Japan to modernize spaceport launch pads to support H3 rocket

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Updated March 28 at 2:21 p.m. Eastern with additional information from MHI. 

WASHINGTON — Seeking to double the number of launches it can conduct annually, Japan will modify both launch pads at the Tanegashima spaceport to support its next-generation H3 rocket.

Speaking at the Satellite 2018 conference March 12, Ko Ogasawara, Mitsubishi Heavy Industries’ vice president and general manager for space systems, said current launch infrastructure is constraining the company’s ability to launch more than around four missions per year. By comparison, Arianespace, SpaceX and United Launch Alliance, average twice that amount or more annually.

Ogasawara said MHI has only one launch pad for H2A, the rocket it currently builds and launches mainly for domestic government missions. He estimated it takes roughly two months to refurbish the pad between missions, limiting the maximum number of launches Tanegashima can support.

Ogasawara said MHI wants to be able to “launch two vehicles in three weeks” with H3, which starts service in 2020.

“That is a requirement for H3 launch vehicle development, so we will do that with the use of two launch pads,” he said.

The Tanegashima spaceport, located in southern Japan, has one launch pad for the H2A rocket, used for satellite launches, and another for the H2B, used for resupply missions to the International Space Station. Ogasawara told SpaceNews by email that MHI plans to convert the lesser used H2B pad first, followed by the H2A pad so both can launch H3 rockets.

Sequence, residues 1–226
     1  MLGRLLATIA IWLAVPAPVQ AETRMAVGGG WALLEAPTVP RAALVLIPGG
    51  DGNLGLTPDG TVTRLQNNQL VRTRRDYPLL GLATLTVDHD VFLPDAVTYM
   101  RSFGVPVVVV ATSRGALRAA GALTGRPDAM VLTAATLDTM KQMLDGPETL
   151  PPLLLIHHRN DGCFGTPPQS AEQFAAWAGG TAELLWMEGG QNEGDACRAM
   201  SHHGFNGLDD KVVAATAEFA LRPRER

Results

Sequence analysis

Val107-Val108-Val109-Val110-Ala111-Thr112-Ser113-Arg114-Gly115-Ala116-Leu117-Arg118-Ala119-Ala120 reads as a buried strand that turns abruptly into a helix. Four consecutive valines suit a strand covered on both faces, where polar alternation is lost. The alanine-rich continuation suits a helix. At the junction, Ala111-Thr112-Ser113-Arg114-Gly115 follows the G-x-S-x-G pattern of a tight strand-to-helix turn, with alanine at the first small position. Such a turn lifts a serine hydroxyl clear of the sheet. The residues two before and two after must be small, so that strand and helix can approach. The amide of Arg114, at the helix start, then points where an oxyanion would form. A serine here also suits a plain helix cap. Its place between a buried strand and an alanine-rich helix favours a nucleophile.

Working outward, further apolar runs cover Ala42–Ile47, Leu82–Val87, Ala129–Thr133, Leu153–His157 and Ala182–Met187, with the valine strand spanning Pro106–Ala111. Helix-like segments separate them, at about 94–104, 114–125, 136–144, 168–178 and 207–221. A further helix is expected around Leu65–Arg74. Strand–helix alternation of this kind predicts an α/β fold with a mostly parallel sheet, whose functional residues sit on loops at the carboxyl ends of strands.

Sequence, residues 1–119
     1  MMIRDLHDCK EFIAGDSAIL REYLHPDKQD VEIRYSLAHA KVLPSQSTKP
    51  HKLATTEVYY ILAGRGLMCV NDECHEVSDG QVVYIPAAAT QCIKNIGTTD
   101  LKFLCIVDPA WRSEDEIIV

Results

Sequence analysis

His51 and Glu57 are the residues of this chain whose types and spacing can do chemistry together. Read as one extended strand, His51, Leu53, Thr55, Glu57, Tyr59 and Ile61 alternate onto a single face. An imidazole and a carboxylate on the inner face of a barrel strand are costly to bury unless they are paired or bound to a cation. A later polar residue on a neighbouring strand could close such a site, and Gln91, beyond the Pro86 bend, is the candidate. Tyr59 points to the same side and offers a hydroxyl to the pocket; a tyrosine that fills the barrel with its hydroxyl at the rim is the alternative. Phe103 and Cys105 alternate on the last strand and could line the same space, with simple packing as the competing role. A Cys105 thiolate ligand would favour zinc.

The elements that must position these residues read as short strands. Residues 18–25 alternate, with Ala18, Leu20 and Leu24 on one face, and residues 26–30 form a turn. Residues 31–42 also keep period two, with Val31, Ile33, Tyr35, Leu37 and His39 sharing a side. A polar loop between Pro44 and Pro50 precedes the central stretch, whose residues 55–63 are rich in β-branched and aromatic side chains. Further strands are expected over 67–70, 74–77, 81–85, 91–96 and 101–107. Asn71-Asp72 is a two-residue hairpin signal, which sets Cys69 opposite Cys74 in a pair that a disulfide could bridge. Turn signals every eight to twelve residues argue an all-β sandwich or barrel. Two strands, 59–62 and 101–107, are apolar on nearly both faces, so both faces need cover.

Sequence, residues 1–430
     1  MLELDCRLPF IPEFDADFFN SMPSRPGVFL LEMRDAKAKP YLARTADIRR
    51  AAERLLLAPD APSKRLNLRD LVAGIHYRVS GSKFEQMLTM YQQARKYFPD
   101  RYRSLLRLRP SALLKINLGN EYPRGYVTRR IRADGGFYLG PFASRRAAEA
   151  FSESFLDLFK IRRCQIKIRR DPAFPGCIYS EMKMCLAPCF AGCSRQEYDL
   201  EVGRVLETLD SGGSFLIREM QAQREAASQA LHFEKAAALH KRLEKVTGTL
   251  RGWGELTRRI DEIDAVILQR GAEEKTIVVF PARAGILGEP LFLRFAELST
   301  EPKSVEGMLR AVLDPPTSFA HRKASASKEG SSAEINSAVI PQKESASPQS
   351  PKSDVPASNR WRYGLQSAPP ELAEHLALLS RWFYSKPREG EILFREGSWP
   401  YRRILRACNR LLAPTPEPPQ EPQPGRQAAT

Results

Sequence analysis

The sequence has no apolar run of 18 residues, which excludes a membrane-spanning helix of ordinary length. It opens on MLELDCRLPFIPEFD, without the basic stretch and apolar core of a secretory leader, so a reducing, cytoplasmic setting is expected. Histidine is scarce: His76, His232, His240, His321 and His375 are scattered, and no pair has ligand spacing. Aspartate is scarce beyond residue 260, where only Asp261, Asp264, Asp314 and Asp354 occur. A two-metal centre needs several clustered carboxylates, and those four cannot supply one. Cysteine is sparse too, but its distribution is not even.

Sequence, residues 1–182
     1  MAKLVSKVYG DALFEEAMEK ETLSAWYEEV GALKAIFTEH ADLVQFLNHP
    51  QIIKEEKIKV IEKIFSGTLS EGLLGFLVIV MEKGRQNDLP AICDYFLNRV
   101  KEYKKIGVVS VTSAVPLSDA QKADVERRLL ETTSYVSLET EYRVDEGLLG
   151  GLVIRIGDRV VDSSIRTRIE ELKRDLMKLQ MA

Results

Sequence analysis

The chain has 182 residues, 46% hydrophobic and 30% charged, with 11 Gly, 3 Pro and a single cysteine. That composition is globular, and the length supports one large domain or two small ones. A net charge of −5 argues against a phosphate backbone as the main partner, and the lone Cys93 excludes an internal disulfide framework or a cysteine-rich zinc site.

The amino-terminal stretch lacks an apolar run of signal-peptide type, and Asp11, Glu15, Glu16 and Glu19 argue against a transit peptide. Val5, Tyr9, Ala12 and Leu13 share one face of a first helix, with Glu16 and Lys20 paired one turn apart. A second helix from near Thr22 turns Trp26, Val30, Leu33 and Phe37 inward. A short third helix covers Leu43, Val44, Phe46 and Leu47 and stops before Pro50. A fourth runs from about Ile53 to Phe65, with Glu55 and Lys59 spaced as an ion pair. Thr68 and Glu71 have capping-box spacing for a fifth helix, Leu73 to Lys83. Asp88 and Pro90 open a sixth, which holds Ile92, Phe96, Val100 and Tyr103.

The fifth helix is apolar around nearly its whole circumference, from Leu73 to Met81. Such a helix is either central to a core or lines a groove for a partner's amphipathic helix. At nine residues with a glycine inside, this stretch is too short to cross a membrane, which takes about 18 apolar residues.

Ogasawara said 2017 was a banner year for MHI, having completed six launches in 12 months. Measuring over 15 months, MHI completed nine launches, he said.  

“H3 will increase launch numbers in a year up to 10. This is our plan … if we have enough orders from the market,” he said.

MHI has had a very limited presence in the commercial market. In 2015, the company performed its first commercial satellite launch, orbiting the Telstar 12 Vantage communications satellite for Canadian fleet operator Telesat on an H2A. Last year British fleet operator Inmarsat secured an H2A launch for one of the two Inmarsat-6 satellites Airbus is building.

The Japan Aerospace Exploration Agency selected MHI in 2014 to build the H3 rocket as a lower cost, more commercially attractive launch vehicle for Japan.

Ogasawara said MHI is preparing dispensers for small satellite constellations desiring to launch on H3. Those dispensers will be able to release 10 to 20 satellites from a single launch, he said.

H3 is designed to launch with zero, two or four strap-on boosters, allowing it to deliver between two and seven metric tons to geostationary transfer orbit. Without strap-ons, the rocket features three LE-9 engines. With side boosters, the rocket uses only two LE-9s. Ogasawara said the version without strap-ons will be the lowest priced, making it more suitable for smallsats.

MHI completed a full-thrust test of H3’s new first stage engine, the LE-9, last month, Ogasawara said.